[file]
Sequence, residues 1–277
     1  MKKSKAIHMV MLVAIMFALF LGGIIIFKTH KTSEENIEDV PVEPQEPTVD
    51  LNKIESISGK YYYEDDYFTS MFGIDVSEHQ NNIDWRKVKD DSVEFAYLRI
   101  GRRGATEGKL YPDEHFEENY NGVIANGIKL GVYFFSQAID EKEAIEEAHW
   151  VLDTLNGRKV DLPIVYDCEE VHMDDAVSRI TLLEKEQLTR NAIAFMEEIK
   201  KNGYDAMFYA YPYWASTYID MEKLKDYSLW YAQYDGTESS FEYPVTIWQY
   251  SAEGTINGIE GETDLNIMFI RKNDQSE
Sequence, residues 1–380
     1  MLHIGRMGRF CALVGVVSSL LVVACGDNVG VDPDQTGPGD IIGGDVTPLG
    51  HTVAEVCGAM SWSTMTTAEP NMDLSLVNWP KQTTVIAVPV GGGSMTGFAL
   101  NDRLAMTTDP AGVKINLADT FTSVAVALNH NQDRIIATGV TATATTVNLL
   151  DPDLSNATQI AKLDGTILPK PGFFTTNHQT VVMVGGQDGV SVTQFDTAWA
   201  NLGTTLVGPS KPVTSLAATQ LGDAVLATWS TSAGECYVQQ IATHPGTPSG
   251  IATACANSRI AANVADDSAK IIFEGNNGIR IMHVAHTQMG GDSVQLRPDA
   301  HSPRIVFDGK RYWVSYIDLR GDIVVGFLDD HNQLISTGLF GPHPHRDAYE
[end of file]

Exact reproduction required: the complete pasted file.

Sequence, residues 1–277
     1  MKKSKAIHMV MLVAIMFALF LGGIIIFKTH KTSEENIEDV PVEPQEPTVD
    51  LNKIESISGK YYYEDDYFTS MFGIDVSEHQ NNIDWRKVKD DSVEFAYLRI
   101  GRRGATEGKL YPDEHFEENY NGVIANGIKL GVYFFSQAID EKEAIEEAHW
   151  VLDTLNGRKV DLPIVYDCEE VHMDDAVSRI TLLEKEQLTR NAIAFMEEIK
   201  KNGYDAMFYA YPYWASTYID MEKLKDYSLW YAQYDGTESS FEYPVTIWQY
   251  SAEGTINGIE GETDLNIMFI RKNDQSE
Sequence, residues 1–380
     1  MLHIGRMGRF CALVGVVSSL LVVACGDNVG VDPDQTGPGD IIGGDVTPLG
    51  HTVAEVCGAM SWSTMTTAEP NMDLSLVNWP KQTTVIAVPV GGGSMTGFAL
   101  NDRLAMTTDP AGVKINLADT FTSVAVALNH NQDRIIATGV TATATTVNLL
   151  DPDLSNATQI AKLDGTILPK PGFFTTNHQT VVMVGGQDGV SVTQFDTAWA
   201  NLGTTLVGPS KPVTSLAATQ LGDAVLATWS TSAGECYVQQ IATHPGTPSG
   251  IATACANSRI AANVADDSAK IIFEGNNGIR IMHVAHTQMG GDSVQLRPDA
   301  HSPRIVFDGK RYWVSYIDLR GDIVVGFLDD HNQLISTGLF GPHPHRDAYE